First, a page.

The Balance of Image
Anthem resident and photographer, Bob Elenbaas, was born and raised in Southern California. He moved to the Bay Area in 1968 to attend pharmacy school at the University of California-San Francisco. There he met his wife Julia, also a pharmacist, and they were married in 1972. By 1974 the couple was relocating to the Kansas City area following the completion of their residencies. Elenbaas explains his initiation to landscape and nature photography by saying, "My interest in photography began while I was in pharmacy school in San Francisco. The Parks and Recreation Department offered a photography center that had a huge darkroom for making black and white prints. I took advantage of the facility to learn basic darkroom techniques." The experience was the beginning of Elenbaas's interest in fine art photography.
Beginning their careers in Kansas City Elenbaas and his wife found work and family life would claim top priority. But the camera was never far away. Elenbaas states, "Although not trained formally as an artist I did learn some elements of graphic design in high school as a member of the yearbook staff. I was also introduced to aspects of color theory during one of the fine art electives required at the time, but I was focused on science during my early formal education." The science took hold in his career as a clinical pharmacist with the Emergency Department at Truman Medical Center and as a faculty member of the University of Missouri-Kansas City Schools of Pharmacy and Medicine. Elenbaas is recognized as being the first clinical pharmacist in the country to practice full-time in emergency medicine. He became one of the members of the American College of Clinical Pharmacy eventually becoming its first Executive Director.
"I am frequently amazed and awed by things I find in nature, its peace and tranquility occasionally contrasted with its to the rage and fury."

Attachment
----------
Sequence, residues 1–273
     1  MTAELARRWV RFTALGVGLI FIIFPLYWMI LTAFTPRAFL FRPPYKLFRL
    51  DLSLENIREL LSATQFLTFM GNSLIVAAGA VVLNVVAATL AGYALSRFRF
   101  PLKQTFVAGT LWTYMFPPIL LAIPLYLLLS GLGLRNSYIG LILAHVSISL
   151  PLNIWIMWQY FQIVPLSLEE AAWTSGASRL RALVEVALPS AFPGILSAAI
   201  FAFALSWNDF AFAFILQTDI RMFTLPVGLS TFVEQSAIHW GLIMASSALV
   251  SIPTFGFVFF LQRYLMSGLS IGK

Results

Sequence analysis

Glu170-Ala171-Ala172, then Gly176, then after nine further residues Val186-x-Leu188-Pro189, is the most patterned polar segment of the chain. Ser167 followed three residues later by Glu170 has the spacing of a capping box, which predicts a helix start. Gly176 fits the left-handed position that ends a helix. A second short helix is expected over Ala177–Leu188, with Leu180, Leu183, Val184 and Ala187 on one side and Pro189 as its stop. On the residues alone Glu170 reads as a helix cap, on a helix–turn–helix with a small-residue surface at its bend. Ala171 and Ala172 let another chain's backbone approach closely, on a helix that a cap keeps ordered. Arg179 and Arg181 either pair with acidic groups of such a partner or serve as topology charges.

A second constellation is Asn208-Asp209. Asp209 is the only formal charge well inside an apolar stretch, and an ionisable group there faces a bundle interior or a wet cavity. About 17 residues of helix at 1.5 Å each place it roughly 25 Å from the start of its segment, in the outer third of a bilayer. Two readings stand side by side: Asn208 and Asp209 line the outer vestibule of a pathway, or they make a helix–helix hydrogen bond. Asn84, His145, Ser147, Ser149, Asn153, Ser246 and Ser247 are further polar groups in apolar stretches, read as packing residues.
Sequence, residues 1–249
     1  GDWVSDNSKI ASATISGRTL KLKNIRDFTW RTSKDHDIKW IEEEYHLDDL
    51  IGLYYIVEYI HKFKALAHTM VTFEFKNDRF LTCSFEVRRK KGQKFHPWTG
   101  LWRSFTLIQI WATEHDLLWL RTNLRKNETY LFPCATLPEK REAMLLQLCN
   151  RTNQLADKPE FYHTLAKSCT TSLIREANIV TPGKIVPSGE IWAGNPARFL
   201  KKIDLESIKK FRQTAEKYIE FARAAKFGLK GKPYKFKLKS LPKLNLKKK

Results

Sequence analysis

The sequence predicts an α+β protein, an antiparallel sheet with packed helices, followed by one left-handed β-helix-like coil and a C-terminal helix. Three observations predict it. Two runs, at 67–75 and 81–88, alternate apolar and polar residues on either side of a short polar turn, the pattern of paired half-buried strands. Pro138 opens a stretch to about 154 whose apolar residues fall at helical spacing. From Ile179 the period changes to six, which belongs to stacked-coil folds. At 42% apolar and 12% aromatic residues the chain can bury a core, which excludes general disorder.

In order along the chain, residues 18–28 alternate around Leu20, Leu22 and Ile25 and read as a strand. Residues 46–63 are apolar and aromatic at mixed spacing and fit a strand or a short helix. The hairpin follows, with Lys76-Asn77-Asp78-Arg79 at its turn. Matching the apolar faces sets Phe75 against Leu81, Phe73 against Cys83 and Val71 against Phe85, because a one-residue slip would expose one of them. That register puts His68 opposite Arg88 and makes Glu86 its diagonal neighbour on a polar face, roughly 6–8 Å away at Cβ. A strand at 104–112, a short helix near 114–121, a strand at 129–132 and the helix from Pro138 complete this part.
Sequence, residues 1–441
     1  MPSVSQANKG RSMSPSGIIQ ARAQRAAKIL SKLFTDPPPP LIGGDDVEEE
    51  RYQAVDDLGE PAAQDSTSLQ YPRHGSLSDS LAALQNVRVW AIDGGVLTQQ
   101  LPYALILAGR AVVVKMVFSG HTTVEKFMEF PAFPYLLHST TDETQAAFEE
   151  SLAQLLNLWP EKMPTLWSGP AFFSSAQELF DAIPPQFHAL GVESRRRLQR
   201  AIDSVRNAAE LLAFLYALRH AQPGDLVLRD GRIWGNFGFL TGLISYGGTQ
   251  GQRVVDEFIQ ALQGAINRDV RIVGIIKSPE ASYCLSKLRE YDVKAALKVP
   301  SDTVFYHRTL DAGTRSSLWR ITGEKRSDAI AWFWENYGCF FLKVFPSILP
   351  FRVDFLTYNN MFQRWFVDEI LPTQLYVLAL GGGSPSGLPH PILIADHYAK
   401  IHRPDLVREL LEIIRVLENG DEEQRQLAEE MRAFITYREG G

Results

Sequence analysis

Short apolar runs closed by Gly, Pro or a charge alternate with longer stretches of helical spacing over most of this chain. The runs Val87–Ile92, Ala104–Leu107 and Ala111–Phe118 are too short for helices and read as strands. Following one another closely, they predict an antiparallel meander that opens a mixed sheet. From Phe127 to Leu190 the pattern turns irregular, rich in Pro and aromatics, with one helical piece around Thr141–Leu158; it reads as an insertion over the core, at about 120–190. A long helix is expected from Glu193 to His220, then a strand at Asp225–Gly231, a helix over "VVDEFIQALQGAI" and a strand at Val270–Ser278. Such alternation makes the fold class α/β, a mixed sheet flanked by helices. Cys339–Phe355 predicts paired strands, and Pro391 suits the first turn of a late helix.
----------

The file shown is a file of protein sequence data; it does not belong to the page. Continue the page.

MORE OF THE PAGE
The initiation to relocate back to the western U.S. began 15 years ago for the Elenbaas family, their careers were winding down and they began to research areas to relocate, Anthem, Arizona was the choice. They found the area had many benefits; easy to access their families in Southern California, a vibrant golf community, and the endless beauty of the valley's high desert. A renewed interest in photography started with joining friends on wilderness backpacking trips into the mountains of Wyoming, Montana, Utah, Colorado, and Idaho. Places so fascinating and beautiful they defied words, but Elenbaas found he could convey the moments and stories in his images. He admits, "The advent of digital cameras and the digital darkroom were major factors in facilitating this evolution. There was a chance to apply classical darkroom techniques, with the more specific digital darkroom techniques when creating my images."
Professional photographers that Elenbaas credits with his growth in the medium are Guy Tal, Michael Frye, Charlotte Gibb, and Sean Bagshaw. All have uniquely different styles, subject matter, and developing techniques. When asked where he derives his inspiration Elenbaas says, "Our natural world amazes me, be it grand vistas or intimate details one sees only on close inspection. I seek to communicate aspects of our world that people may not normally appreciate." "I include the Japanese kanji "wa" as part of my logo, which translates as 'harmony' and 'peace.' As in being in harmony with one's environment and in a peaceful state of mind." Elenbaas considers his photography to be an expressive art form, using his images as visual metaphors for the emotions he felt when he was making the photograph. Bob Elenbaas is a member of the Sonoran Arts League and is a founding member of the Finer Arts Gallery in Cave Creek. Bob Elenbaas participates in the Hidden in the Hills Studio Tour each November and occasionally does pop-up shows with the League during the year.